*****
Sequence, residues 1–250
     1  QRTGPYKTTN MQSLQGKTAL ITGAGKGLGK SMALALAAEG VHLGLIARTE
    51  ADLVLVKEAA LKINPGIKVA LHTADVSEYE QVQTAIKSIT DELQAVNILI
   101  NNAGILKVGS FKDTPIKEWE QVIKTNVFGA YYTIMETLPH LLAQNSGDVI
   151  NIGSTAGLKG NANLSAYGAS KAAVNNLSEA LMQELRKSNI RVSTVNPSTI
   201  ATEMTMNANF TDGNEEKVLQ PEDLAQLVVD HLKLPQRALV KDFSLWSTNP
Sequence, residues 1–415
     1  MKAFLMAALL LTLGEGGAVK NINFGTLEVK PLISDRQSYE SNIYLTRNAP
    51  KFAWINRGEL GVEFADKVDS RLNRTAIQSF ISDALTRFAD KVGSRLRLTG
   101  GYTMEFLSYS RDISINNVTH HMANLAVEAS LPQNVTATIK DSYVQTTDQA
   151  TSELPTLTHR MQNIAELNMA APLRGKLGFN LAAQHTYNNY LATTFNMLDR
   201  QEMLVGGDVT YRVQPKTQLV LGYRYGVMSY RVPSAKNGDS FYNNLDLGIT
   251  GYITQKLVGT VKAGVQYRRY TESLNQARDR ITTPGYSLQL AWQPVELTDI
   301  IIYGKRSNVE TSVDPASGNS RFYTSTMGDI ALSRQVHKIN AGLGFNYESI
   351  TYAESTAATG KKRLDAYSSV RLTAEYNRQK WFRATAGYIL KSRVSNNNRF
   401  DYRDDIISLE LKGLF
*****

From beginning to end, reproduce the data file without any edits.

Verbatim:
Sequence, residues 1–250
     1  QRTGPYKTTN MQSLQGKTAL ITGAGKGLGK SMALALAAEG VHLGLIARTE
    51  ADLVLVKEAA LKINPGIKVA LHTADVSEYE QVQTAIKSIT DELQAVNILI
   101  NNAGILKVGS FKDTPIKEWE QVIKTNVFGA YYTIMETLPH LLAQNSGDVI
   151  NIGSTAGLKG NANLSAYGAS KAAVNNLSEA LMQELRKSNI RVSTVNPSTI
   201  ATEMTMNANF TDGNEEKVLQ PEDLAQLVVD HLKLPQRALV KDFSLWSTNP
Sequence, residues 1–415
     1  MKAFLMAALL LTLGEGGAVK NINFGTLEVK PLISDRQSYE SNIYLTRNAP
    51  KFAWINRGEL GVEFADKVDS RLNRTAIQSF ISDALTRFAD KVGSRLRLTG
   101  GYTMEFLSYS RDISINNVTH HMANLAVEAS LPQNVTATIK DSYVQTTDQA
   151  TSELPTLTHR MQNIAELNMA APLRGKLGFN LAAQHTYNNY LATTFNMLDR
   201  QEMLVGGDVT YRVQPKTQLV LGYRYGVMSY RVPSAKNGDS FYNNLDLGIT
   251  GYITQKLVGT VKAGVQYRRY TESLNQARDR ITTPGYSLQL AWQPVELTDI
   301  IIYGKRSNVE TSVDPASGNS RFYTSTMGDI ALSRQVHKIN AGLGFNYESI
   351  TYAESTAATG KKRLDAYSSV RLTAEYNRQK WFRATAGYIL KSRVSNNNRF
   401  DYRDDIISLE LKGLF